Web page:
According to a second aspect of the invention, there is provided a method of disposal of material on subaqueous ground substantially without said material coming into contact with the surrounding water, which comprises positioning and propelling a ship carrying said material to deposit a first material at a level close to or on said subaqueous ground in a strip wise manner and to deposit a second material over the deposited first material.
Preferably, the ship is positioned and propelled to deposit a second material so as to form a capping layer over the first material. After the ship has deposited the first material the ship can be propelled on a second transverse over the subaqueous ground, during which the second material is deposited in a stripwise manner on top of the deposited first material. Alternatively, the second material can be deposited over the first material substantially simultaneously with deposition of the first material. The first material and second material can be deposited from a single ship, and may comprise contaminated waste and substantially uncontaminated waste, respectively. For convenience, the term "waste material" will be used hereinafter to refer to a material to be deposited by the method of this invention, regardless of the nature of the material.
Preferably, the container or vehicle for transporting the waste material is a hollow tube, which may be divided longitudinally to provide separate channels for passage of the first material and the second material. This hollow tube may be disposed within a frame which may be triangular in section. Advantageously, the tube has cameras mounted thereon for visual monitoring of the disposal of the material. The hollow tube may be lowered to a level at, or close to, the subaqueous ground by drive means engaging the periphery of the tube.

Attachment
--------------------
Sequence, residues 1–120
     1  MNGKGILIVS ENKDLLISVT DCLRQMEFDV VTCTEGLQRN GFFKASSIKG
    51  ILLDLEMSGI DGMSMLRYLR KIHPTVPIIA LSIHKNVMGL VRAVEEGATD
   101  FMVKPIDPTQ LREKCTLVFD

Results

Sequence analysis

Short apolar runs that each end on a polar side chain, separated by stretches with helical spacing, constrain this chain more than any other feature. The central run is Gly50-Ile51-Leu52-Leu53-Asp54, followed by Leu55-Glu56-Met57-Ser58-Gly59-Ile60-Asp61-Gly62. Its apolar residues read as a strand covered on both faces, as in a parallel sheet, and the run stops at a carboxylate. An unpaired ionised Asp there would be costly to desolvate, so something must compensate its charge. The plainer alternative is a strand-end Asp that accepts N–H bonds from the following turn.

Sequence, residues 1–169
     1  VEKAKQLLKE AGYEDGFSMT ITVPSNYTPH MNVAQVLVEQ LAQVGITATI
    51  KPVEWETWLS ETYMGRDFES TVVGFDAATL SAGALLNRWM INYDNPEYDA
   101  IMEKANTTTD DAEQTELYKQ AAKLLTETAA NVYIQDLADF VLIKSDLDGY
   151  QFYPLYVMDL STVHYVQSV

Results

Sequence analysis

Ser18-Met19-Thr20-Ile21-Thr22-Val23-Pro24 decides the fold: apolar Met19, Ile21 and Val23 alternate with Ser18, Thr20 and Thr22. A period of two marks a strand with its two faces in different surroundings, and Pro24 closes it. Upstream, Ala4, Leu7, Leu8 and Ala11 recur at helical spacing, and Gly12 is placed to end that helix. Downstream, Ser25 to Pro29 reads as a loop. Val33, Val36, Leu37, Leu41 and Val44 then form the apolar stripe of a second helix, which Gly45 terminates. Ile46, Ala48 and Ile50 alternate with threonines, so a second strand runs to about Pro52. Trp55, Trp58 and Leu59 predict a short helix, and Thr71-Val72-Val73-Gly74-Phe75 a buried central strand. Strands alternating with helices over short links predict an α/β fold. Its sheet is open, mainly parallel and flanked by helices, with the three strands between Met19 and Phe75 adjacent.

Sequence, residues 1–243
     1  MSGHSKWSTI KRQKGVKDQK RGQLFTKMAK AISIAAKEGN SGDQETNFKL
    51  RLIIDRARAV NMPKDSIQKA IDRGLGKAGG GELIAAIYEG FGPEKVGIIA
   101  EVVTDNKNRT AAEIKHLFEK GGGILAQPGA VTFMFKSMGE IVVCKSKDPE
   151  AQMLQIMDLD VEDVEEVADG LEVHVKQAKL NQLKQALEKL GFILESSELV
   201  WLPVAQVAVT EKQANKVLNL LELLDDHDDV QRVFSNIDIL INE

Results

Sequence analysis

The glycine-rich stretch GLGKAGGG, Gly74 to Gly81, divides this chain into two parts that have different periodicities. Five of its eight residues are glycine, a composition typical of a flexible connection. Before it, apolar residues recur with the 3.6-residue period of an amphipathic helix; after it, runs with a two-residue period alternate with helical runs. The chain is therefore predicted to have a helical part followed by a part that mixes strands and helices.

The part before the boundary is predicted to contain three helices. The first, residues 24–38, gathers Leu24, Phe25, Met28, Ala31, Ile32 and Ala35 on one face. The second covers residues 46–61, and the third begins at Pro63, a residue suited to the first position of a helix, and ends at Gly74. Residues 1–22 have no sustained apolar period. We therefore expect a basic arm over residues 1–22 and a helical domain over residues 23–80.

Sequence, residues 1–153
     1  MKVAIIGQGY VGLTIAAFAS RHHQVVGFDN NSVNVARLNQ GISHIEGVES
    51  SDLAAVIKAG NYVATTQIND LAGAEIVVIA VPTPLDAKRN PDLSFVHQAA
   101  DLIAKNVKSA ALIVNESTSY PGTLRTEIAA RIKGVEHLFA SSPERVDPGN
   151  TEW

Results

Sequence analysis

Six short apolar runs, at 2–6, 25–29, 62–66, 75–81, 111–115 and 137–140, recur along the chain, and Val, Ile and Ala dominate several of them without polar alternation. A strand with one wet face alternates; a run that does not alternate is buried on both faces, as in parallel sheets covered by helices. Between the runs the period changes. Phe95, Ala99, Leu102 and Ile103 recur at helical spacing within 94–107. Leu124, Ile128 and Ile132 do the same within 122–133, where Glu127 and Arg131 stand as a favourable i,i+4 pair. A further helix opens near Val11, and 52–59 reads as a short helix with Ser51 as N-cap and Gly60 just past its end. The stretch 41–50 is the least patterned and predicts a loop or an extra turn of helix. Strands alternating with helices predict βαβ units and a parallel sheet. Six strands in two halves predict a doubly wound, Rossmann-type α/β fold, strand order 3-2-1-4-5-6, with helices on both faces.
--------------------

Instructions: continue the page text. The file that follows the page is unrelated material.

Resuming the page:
Alternatively, the container or vehicle is a bucket, which may be arranged to deposit the material through a hinged door at its base. This hinged door may be opened and closed by hydraulic or pneumatic rams. The bucket may be conveyed to the subaqueous ground by a rope, cable or chain and preferably has its internal surface provided with a non-stick coating.
During disposal the ship may be held on station at the disposal site by means of satellite navigational aids and thrusters and also by means of sensors comprising sonar transponders.
Preferably the material is subjected to processing prior to its transfer into the container or vehicle, but may be subjected to processing either during the step of conveying the material to the subaqueous ground or while it is in the container or vehicle before being conveyed to the subaqueous ground. This treatment is preferably a chemical treatment which may comprise flocculation and/or coagulation. The chemical reagents or additives may be injected into the material through one or more nozzles and may be mixed into the material by an homogenising grating. The material may comprise dredged spoils, contaminated soil, flyash, slurry or sewerage.